Tonight, President Cyril Ramaphosa announced that international travel will be able to resume from Thursday, 01 October 2020 – albeit with various restrictions in place.
“We welcome the announcement that a date has been set for the reopening of South Africa’s borders with open arms,” says Andrew Stark, Flight Centre Travel Group Managing Director Middle East and Africa. “The decision by our government is vital in helping not only the travel and tourism industry, decimated by months of being on hold, start to recover but the economy as a whole.”
“Airlines need months of notice before they put inventory on certain routes and before they resume full capacity. There are going to be many considerations and logistics involved when it comes to opening our international air space.”
He adds that while the reopening or borders is a critical first step to re-boot travel and tourism, the return to regional and international travel is not going to be immediate. He explains, “Airlines need months of notice before they put inventory on certain routes and before they resume full capacity. There are going to be many considerations and logistics involved when it comes to opening our international air space. My concern with regards to this was always that the longer we leave opening our borders, the longer it takes to get back up and running, meaning we’re last in line with global airlines in terms of inventory and routes.”
“As much as we’re opening our borders, the rest of the world might not readily accept South Africans yet.”
Oz Desai, GM Corporate Traveller, echoes this sentiment when he says, “We can expect capacity constraints in the aviation market as airlines need months of notice before they resume full capacity on routes. What’s more is that there will be a patchwork of rules and regulations to consider at different destinations across the world. As much as we’re opening our borders, the rest of the world might not readily accept South Africans yet.”
Initially, only three international airports will reopen (King Shaka International, Oliver Tambo International and Cape Town International airports), as well as a limited number of land borders. Travel will also be restricted from countries that are deemed as high risk.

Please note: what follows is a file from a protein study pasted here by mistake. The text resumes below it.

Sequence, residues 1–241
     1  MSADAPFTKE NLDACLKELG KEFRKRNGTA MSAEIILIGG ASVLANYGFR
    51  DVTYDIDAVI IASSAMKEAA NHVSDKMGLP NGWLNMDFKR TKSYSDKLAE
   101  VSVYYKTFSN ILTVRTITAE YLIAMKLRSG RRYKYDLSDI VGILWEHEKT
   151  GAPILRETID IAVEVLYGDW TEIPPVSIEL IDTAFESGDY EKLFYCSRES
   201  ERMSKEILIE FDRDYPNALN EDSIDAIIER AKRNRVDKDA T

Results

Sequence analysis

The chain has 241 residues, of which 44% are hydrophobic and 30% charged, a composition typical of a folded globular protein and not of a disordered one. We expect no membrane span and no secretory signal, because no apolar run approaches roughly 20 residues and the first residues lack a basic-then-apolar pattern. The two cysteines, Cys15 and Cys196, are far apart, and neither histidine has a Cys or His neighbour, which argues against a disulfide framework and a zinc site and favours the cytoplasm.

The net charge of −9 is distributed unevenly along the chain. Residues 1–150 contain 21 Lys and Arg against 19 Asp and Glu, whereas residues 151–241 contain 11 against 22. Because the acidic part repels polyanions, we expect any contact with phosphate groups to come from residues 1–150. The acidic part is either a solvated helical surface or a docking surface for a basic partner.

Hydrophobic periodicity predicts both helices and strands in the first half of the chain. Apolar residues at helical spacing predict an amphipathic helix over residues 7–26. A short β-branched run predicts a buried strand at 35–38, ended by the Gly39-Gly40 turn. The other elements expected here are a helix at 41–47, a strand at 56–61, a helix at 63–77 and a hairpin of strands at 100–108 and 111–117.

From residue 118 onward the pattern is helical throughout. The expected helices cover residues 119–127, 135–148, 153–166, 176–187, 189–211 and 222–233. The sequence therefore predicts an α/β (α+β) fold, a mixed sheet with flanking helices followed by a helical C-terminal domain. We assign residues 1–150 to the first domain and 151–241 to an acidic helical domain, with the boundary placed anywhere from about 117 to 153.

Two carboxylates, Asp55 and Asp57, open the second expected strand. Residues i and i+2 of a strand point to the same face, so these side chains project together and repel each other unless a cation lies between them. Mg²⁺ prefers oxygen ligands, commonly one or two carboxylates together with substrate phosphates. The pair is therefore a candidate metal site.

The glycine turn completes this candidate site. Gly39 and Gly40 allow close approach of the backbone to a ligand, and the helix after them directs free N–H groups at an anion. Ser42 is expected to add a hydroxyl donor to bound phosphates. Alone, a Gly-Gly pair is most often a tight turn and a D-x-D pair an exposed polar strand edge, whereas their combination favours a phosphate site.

International travellers will also need to comply to various requirements, such as:
- present a negative COVID-19 test result on arrival (no older than 72 hours from their time of departure)
- be screened on arrival, and if they present COVID-19 symptoms they will be required to have a COVID-19 test
- enter mandatory quarantine facilities at their own cost, where necessary
- download the COVID Alert South Africa mobile app
Inbound travel will likely be low at about 30% of 2019 levels.
Several people have criticised a phased reopening or travel. Professor Alex van den Heever, Chair in the field of Social Security Systems Administration and Management Studies at the Wits School of Governance, says, “All borders should be reopened as there are no additional risks posed by an industry that is well organised, has stringent health and hygiene safety protocols in place and operates in low density settings.”
He adds that inbound travel will likely be low at about 30% of 2019 levels; “But if uncertainty is created now, this will be far lower.”
Gillian Saunders, Tourism consultant and specialist, adds, “Regardless of which source markets you decide to open up to in this phased approach, the reality is that we would still have 58 million South Africans circulating freely within the country compared with a small number of international tourists who will be subject to just the same health protocols as us. The risk is the same.”
“Having saved lives, now is the time to save livelihoods.”
“We have successfully flattened the COVID-19 infection curve and we are ready to implement the agreed global measures to enable the safe resumption of international air travel. Having saved lives, now is the time to save livelihoods,” says Zuks Ramasia, Board of Airline Representatives of South Africa (BARSA) CEO.
“With about US$9.4 billion or 3.2% of GDP supported by air travel and tourism, opening the borders is crucial to the economy’s recovery and future growth. We need to demonstrate that South Africa is open and safe for business and leisure travel. If we don’t get people flying again, the economy will be severely hampered,” she adds.
Unlike many other transport modes, aviation is highly regulated.
Ramasia notes that, unlike many other transport modes, aviation is highly regulated. For example, biosecurity protocols and operating procedures have already been put in place for domestic flights, which are based on a set of global measures drawn up by experts from the UN World Health Organisation (WHO), International Civil Aviation Organisation (ICAO), the International Air Transport Association (IATA), Airports Council International and various leading public health and infection control institutes. Furthermore, the South African Civil Aviation Authority’s (SACAA) and Department of Health oversaw the implementation of these measures, which are also designed to be applied to international flights.
She adds, “At the same time, this does not absolve passengers from acting responsibly. Face masks must be worn, hand regularly sanitised and social distancing observed. And if you don’t feel well, don’t even go to the airport! If you need to familiarise yourself with what to do and expect, check with the airlines and airports, or IATA’s Fly with Confidence site, which give you all of the information you might need.”